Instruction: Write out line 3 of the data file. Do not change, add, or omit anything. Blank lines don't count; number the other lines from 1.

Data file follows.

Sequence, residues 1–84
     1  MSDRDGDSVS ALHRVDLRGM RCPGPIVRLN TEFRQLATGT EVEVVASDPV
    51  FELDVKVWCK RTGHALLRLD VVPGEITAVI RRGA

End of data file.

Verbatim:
    51  FELDVKVWCK RTGHALLRLD VVPGEITAVI RRGA